In the administrative center, there was a treasury (trapeza) headed by a trapezites (Greek: τραπεζίτης - money-changer, banker), who carried out various financial transactions, primarily receiving new revenues. There was also a central grain storehouse (thesauros - Greek: θησαυρός - treasury, treasury chamber, granary) under the management of a sitologos (from Greek: σιτολογία - gathering of bread or food supplies). The trapeza and thesauros had local branches.

In Hellenistic Egypt, unlike in the Seleucid Empire, the poleis (city-states) did not play a significant role. There were only three poleis in the entire state: Alexandria, Naukratis (an ancient Greek colony), and Ptolemais (founded by Ptolemy I). At the same time, the ancient Egyptian cities held importance, although they did not have self-government: Memphis, Thebes, Hermopolis, Heracleopolis, and others. The poleis did not belong to the chora and were not part of the administration of the nome. The citizens of the polis constituted the urban community and formed phylai (Greek: φυλή - tribe, clan) and demoi (Greek: δῆμος - people; region, country), similar to the system in Greece. In Naukratis and Ptolemais, they elected the city council and certain officials. In Alexandria, as it was the capital, there was no city council. It was a city of numerous nationalities: Macedonians, Greeks, Thracians, Cretans, Iranians, Anatolians, Jews, Syrians, and Egyptians lived there. The Egyptians were deprived of any political rights. The rest of the population was organized into politema (Greek: πολίτευμα - the way of governing the state, political principle; government of the state; political structure), each independent of the others and subject only to the royal administration. The degree of self-government varied among them.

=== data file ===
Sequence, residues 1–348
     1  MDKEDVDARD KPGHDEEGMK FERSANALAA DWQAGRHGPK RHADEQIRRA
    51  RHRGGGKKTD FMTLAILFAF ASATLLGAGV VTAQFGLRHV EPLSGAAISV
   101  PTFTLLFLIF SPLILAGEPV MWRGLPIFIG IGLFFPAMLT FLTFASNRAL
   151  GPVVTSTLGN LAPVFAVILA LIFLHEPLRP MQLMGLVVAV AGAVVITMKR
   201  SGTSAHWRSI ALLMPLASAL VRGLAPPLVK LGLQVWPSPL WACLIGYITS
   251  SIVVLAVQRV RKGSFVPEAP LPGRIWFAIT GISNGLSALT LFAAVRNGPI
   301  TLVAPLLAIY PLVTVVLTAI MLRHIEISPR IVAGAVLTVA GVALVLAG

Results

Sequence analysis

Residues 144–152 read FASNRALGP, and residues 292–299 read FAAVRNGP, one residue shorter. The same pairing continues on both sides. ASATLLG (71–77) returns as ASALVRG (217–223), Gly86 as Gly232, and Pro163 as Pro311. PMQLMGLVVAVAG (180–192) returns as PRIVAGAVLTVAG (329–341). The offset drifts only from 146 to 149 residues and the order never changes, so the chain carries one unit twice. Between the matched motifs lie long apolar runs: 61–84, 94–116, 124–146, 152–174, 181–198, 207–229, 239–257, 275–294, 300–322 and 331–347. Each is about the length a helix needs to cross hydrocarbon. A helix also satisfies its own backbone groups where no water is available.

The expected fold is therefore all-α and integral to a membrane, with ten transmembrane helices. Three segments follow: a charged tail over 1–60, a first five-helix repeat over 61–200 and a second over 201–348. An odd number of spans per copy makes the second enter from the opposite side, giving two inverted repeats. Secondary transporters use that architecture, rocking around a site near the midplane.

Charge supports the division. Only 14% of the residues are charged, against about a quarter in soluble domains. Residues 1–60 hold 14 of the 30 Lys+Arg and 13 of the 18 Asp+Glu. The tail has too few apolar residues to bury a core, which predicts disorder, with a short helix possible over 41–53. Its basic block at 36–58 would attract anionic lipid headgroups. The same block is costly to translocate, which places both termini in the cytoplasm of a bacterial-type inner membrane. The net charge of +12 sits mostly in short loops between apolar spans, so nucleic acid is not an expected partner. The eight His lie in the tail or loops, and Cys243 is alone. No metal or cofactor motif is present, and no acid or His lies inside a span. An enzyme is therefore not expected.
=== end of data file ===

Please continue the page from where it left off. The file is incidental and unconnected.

Ptolemaic Temple in Philae

AleAlexandria was the largest Hellenistic city and a crucial center of crafts and trade. The geographer Strabo (64/63 BCE - 23/24 CE) wrote:

"It is the only place in all of Egypt for both maritime and land trade, thanks to its excellent harbor, and it serves as the world's largest market because everything is easily transported by river and gathered at this point."

Alexandria was built according to the plan of the architect Deinocrates of Rhodes and had a regular layout. The city was divided into five quarters. The royal quarter housed the palaces of the Ptolemies, the theater, the Mouseion, the library, and the tomb of Alexander the Great.

The Ptolemies had a dual relationship with the priesthood. On one hand, the independence of this class was somewhat diminished, but at the same time, the priests were actively supported by the kings as a highly influential social force. Many inscriptions reveal that the Ptolemies granted numerous lands and their revenues to local deities.

Each temple was headed by an archiereus (Greek: ἀρχιερεύς - high priest, high priest), or an epistates (Greek: ἐπίσταθμος - chief, superintendent), representing the local priesthood in dealings with the government. Priest congresses (synods - from Greek: σύνοδος - assembly, gathering) were periodically convened. Temples had special rights, such as the right of sanctuary.

Temples in Egypt were always significant economic centers. This was particularly evident in the Fayyum, where the Temple of Horus in Edfu, the Temple of Isis on Philae Island, and others were located. Temples had certain privileges in the field of craft production, such as the right to produce sesame oil, which was a state monopoly, and the right to manufacture special fabrics. Priests received monetary allowances from the treasury and collected offerings from believers.

All aspects of Egypt's economic and social life were regulated by specific edicts and decrees, some of which have survived to this day. For example, the decree of 261 BCE on slavery and the so-called "Tax Law" of 257 BCE. Egyptian Hellenistic law represented a remarkable blend of Greek and ancient Egyptian legislation. Different courts existed for the Greek and Egyptian populations, as well as for the poleis and the chora. Disputes between Greeks and Egyptians were resolved in a general court.

Related topics

Ancient Greece, Ancient Egypt, Alexander the Great's military campaigns, Alexander the Great